In addition, Taoism has the honor of being (as far as I know) the only religion that personifies cannabis as a deity. In the T'ang era, there was a cult of Ma Ku or "Miss Hemp". It was on Mt. T'ien T'ai, a place known as the Abyss of Miss Hemp. A statue of her stood there in sung times … Ma Ku was portrayed as a pretty girl of the Taoist "Grotto Fairy" type, but with bird claws instead of feet. In the poetry of the angels, she is often associated with important motifs associated with Mao Shan's meditation techniques, which revolve around the images of time distortion. (Bey et al., 2004)

Fig. 4- Ma Ku

Ma Ku, literally " hemp lady," was a Taoist "immortal" who had close ties to the "elixir of life" and recalled that cannabis was considered one of the supreme elders of the immortality of Shen Nung millennia ago before, and it seemed like it had enjoyed that reputation in the intervening centuries. "… the Taoist dreamed of ascending to heaven after so many years of asceticism and of taking an elixir of life from various rare herbs" (Suzuki, 1961).

Something could be achieved by following the mythological connection with hemp lady Ma Ku, the goddess of the slopes of the Thai Shan, where the plant should be collected on the seventh day of the seventh month, a day of sitting, and banquets in Taoist communities. (Needham, 1974)

In this regard, the Taoist philosopher told Wang Yuan (146-168 AD) to invite Ma Ku to a feast on the day of the seventh-day seventh-day hemp collection boundless on gold plates and stacked in jade cups. There were rare delicacies, many of which were made of flowers and fruits and whose scent permeated the air inside and out. "Wang served the guests a strong liqueur from the" heavenly kitchen "and warned that he was" unfit for ordinary drinking habits ". " According to the old account, everyone was drunk and wanted more. Some sources believe that the said elixir was a special wine made from cannabis. A Chinese poem about Ma ku by Ts & # 39; ao T & ang; clearly recalls the beauty of burgeoning cannabis:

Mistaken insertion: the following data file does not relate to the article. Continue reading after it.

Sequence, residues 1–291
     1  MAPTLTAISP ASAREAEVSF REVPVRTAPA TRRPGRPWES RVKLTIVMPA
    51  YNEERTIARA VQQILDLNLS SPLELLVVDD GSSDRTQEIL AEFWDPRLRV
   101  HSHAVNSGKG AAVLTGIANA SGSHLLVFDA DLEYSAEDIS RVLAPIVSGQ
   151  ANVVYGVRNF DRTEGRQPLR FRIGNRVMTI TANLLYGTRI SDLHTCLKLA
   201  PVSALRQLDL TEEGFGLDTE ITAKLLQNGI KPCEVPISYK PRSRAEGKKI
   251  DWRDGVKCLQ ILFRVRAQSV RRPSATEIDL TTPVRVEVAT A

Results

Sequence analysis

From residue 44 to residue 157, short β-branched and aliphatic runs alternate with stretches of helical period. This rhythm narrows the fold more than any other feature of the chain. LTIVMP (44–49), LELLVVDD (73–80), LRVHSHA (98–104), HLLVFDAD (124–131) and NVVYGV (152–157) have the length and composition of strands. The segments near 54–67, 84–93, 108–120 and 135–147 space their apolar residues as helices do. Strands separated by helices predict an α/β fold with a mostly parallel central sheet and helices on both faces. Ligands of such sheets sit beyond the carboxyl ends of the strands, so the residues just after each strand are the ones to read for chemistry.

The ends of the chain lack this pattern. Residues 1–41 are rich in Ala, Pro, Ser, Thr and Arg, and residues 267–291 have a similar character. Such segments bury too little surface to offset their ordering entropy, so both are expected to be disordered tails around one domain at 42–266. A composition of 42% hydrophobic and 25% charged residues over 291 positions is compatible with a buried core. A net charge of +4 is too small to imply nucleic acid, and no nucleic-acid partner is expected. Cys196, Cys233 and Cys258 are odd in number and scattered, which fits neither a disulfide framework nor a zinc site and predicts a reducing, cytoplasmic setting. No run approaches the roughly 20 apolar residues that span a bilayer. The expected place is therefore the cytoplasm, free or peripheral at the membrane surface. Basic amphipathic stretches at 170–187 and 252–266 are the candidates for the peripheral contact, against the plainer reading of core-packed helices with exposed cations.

Blue Lad transmits the word and asks her to return:

His report reports that Miss Hemp's "jade dust leaves" have opened.

The Guard [Blue-grey] Sea has become dust –

All other matters can be disregarded:

You climb Dragon and Crane and come to watch the flowers.

The "Blue Boy" is a Taoist deity, and the poem describes him summoning all the fairies and immortals to witness the blossoming of Ma Ku's flowers. "Apparently, the writers of literature argued about the identity of this 'Jade Stamen and Stamp' flower, suggesting that the truth was only understood by a few who knew how to use hemp flowers cultivated until they exercise (as described). " Whiskers such as ice threads with sewn-on golden grains "(Bey et al., 2004). Perhaps this may suggest that Taoist gardeners rediscovered the secrets of separating male and female cannabis plants for the production of resinous seedless cannabis, called sinsemillia. This cultivation technique was probably developed much later.

Considering that Shen-Nung's references in Pen Ts & # 39; ao are believed to have been around 2,800 BC. There were references to the ability of cannabis to communicate with ghosts in the tenth century AD In China, we are discussing the shamanic and cultural exploitation of a plant spanning over 3,500 years. A beautiful quatrain from the classic "Great Lord of Long Life", probably around 300 BC. Written, gives a clear idea of ​​the importance of cannabis for the mystics of ancient China:

First a yin, then a yang

No one knows what I'm doing

Jade buds from holy hemp

For the one who lives apart

The Chinese love affair with cannabis eventually became sour, as Mia Touw explained; " During the Han dynasty, shamanism steadily declined and became as indecent as undoubtedly the practice of using cannabis as a hallucinogen" (Touw, 1981). Others have experienced this decline through the rise of the more moralistic philosophy of Confucianism. Alternatively, Hui-Lin Li concluded, "The cessation of cannabis use may be attributed simply to its inadequacy of Chinese temperament and traditions" (Li, 1975). Although it should be noted that Liu's statement does not consider the plant's popularity among Chinese shamans and Taoists over three millennia ago.

Mark Merlin offers another possible reason for the possible contempt of Chinese culture for what was once considered a "pleasure-giver," suggesting that the use of cannabis for intoxicating purposes by barbarians in western North China is likely to be a large part of prejudice declared against the plant in ancient China. Any habits of the warlike barbarians who constantly and viciously harassed the more sedentary Chinese civilization were emphatically rejected "(Merlin, 1972). Recent discoveries in China regarding the Indo-European Gushi culture and its use of high-quality cannabis in China, which will be discussed in my next article, could give considerable weight to Merlin's speculation of more than thirty years ago …